If you’ve read my earlier article on using Adjustment Layers to adjust light and shade, you’ll know of my preference for non-destructive editing. So why would I recommend the always-destructive Dodge and Burn tools? Simple: they’re the best tools for tweaking a mask.
There are many, many ways to create a basic selection and to turn it into a mask, and exploring them in detail is beyond the scope of this tutorial. We’ll tackle it just one way.
Open an image with a relatively even, obviously defined background. Here, I’ve used a photo of me in the Craters of the Moon National Monument and Preserve, in Idaho. Option-Double-click the Background layer in the Layers panel to promote it to a regular “Layer 0”. This is necessary because you can’t apply a layer mask to a Background layer.
We’ll select the image background using the undersung Color Range. Choose Select > Color Range. In the dialog that appears, click on the background, then Shift-click, as you would with the Magic Wand, to extend the selection. Adjust the Fuzziness slider until the background is white and the foreground is black, then press OK.
We’ve selected the background, though we really want the foreground. Therefore, choose Select > Select Inverse (or press Command-Shift-I).
Optionally, you could choose Select > Refine Edge. This powerful tool is very useful for cleaning up a selection, but it can cause problems too. Feather is effectively a blur, and too much smoothness will destroy fine details. For a simple outline it’s great, but use with caution.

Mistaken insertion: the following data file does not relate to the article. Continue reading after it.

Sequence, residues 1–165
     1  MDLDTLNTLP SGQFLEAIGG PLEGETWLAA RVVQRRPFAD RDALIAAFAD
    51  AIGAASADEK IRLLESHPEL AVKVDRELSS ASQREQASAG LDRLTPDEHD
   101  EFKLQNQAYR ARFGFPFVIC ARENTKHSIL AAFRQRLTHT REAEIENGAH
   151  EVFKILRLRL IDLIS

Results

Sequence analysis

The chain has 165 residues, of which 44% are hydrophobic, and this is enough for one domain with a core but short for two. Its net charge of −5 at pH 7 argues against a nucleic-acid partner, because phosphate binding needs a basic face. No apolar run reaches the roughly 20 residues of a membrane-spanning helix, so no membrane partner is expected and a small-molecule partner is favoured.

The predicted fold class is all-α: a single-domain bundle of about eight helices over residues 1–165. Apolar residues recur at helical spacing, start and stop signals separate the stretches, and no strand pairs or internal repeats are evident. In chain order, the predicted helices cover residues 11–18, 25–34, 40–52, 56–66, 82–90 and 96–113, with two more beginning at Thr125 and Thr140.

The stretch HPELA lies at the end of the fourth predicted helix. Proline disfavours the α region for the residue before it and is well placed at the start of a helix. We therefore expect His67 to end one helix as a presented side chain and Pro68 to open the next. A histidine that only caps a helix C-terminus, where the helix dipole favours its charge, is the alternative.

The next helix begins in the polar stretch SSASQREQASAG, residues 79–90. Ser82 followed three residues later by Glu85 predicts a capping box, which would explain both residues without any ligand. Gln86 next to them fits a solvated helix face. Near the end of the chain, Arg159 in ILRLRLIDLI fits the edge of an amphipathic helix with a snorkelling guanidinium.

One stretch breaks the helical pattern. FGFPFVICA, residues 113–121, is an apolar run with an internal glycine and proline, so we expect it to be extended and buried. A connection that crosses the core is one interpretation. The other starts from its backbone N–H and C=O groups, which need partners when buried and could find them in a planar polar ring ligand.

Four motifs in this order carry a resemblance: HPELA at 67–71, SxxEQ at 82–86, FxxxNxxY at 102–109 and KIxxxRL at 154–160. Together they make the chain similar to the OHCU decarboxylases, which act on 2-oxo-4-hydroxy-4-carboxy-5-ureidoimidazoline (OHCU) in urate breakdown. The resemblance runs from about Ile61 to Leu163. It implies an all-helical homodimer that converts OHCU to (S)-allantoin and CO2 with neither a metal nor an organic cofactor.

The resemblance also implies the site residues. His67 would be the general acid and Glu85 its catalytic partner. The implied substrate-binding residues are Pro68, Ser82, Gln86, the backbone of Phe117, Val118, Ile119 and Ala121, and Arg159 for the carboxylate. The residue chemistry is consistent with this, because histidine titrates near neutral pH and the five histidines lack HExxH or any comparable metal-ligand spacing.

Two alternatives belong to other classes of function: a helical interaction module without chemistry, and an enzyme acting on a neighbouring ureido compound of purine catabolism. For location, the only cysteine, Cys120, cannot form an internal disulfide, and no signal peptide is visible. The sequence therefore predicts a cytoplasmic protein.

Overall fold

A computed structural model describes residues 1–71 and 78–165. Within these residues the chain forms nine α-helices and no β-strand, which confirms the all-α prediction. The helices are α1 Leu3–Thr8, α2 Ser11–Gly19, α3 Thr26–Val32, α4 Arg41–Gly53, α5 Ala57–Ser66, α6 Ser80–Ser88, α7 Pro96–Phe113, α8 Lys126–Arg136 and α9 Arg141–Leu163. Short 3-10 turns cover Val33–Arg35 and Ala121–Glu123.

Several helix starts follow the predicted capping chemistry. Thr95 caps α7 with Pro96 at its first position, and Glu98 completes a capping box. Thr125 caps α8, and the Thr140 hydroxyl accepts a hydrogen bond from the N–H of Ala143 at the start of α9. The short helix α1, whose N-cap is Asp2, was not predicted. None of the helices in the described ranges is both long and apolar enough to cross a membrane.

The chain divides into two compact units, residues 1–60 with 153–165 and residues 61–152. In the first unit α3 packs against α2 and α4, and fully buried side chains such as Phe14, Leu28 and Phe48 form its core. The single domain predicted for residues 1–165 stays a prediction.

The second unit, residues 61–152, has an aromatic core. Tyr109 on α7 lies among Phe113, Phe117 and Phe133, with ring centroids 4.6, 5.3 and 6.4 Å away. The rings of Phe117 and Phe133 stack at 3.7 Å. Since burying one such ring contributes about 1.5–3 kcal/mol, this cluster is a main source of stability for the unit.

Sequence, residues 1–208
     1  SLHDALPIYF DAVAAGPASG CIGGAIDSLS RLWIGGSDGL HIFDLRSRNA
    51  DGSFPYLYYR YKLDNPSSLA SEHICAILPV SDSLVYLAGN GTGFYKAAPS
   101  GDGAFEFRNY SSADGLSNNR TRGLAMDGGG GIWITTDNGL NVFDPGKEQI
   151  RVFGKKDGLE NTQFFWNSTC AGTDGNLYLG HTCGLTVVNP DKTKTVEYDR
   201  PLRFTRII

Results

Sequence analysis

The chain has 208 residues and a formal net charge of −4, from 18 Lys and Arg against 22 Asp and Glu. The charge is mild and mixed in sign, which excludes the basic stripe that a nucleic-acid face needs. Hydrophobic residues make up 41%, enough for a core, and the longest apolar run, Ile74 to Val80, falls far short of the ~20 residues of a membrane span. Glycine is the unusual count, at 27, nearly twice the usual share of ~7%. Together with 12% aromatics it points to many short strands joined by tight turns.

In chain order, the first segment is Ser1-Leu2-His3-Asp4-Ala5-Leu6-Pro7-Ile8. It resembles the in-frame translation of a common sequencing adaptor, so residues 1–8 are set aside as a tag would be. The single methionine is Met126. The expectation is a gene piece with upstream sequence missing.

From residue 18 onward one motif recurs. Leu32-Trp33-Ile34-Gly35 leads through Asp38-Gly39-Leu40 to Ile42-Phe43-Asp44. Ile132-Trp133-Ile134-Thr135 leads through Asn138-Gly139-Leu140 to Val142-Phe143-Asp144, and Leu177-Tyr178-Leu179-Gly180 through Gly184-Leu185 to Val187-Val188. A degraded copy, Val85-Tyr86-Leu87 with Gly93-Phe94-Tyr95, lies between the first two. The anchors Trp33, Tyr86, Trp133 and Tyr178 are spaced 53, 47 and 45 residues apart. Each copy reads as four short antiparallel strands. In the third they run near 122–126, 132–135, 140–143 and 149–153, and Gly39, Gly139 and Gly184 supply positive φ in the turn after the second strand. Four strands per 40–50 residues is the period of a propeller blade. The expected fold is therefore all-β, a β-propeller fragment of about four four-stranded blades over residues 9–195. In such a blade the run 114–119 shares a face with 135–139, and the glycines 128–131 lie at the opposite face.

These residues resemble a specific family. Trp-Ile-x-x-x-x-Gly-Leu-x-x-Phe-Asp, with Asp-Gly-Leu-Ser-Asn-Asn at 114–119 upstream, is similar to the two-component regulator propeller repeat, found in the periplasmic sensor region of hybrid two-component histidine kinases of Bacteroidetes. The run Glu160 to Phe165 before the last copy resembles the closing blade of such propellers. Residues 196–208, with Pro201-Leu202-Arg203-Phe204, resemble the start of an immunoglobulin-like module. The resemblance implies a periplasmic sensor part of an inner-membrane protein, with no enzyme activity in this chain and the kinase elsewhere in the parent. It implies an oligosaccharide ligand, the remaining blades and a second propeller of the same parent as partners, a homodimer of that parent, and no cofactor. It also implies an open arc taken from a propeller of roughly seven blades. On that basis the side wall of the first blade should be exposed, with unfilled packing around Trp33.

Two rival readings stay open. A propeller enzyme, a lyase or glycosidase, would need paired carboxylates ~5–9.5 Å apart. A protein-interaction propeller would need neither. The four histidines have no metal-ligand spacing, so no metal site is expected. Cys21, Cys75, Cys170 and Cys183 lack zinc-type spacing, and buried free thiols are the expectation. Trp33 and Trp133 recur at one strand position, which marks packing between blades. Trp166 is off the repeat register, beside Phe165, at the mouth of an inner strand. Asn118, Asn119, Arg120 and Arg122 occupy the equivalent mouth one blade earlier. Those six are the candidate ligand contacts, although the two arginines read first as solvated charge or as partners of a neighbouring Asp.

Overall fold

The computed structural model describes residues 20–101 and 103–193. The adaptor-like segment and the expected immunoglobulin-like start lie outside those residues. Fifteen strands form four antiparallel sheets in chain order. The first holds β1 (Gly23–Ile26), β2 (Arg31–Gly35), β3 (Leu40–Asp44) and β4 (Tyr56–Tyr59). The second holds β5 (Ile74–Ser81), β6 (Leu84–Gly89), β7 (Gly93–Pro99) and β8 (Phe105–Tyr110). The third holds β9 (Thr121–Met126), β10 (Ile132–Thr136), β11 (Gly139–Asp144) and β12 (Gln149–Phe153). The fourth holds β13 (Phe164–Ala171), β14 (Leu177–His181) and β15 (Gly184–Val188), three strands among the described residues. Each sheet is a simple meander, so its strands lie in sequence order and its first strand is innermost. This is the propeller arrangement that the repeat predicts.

Note that Photoshop CS5’s Refine Edge introduced valuable new options, so follow the steps corresponding to your version:
In the Layers panel, you should now see your layer selected, with the layer mask next to your original layer. To really see what’s going on, we’ll now view the mask alone as a grayscale image.
Choose the Channels panel, then click on the space to the left of “Layer 0 copy Mask” to show it. Now, click on the eye in the space next to “RGB” to hide the normal layer. Click on the layer mask’s name to make sure it’s selected for editing. Depending on your image, you will probably see some noise around the edges of the selection. Ideally, we want clean white and black, with a smooth change between, and that’s what the Dodge and Burn tools can help us with.
Masks often need selective painting to be just right, but using the Brush Tool isn’t ideal. By painting, we’re ignoring the image itself, and potentially going over the edges. Can’t we paint in a way that respects the original image data? Yes.
Choose the Dodge tool (a magnifying glass lookalike grouped with a hand and a sponge). In the Options panel, choose Highlights instead of Midtones.
Now, choose the Burn tool (a hand). In the Options panel, choose Shadows instead of Midtones.
These settings will stick, and they mean that the Dodge tool can paint light grey areas to white without affecting darker tones, and the Burn tool can paint dark grey areas to black without affecting lighter tones. Read that again if it didn’t sink in.
Use the Dodge tool to paint over lighter areas to turn them white, and use the Burn tool on darker areas to turn them black. Paint straight over the edges if needed — you don’t need to be too careful. Try to use long paint strokes, as repeated work on the edges will make them too sharp and harsh.
Note that you may still need to paint with Brush tool in some areas, if they are too light or dark for the Dodge or Burn tools to be effective. Still, Dodge and Burn can be a huge time-saver when used in this way. Enjoy!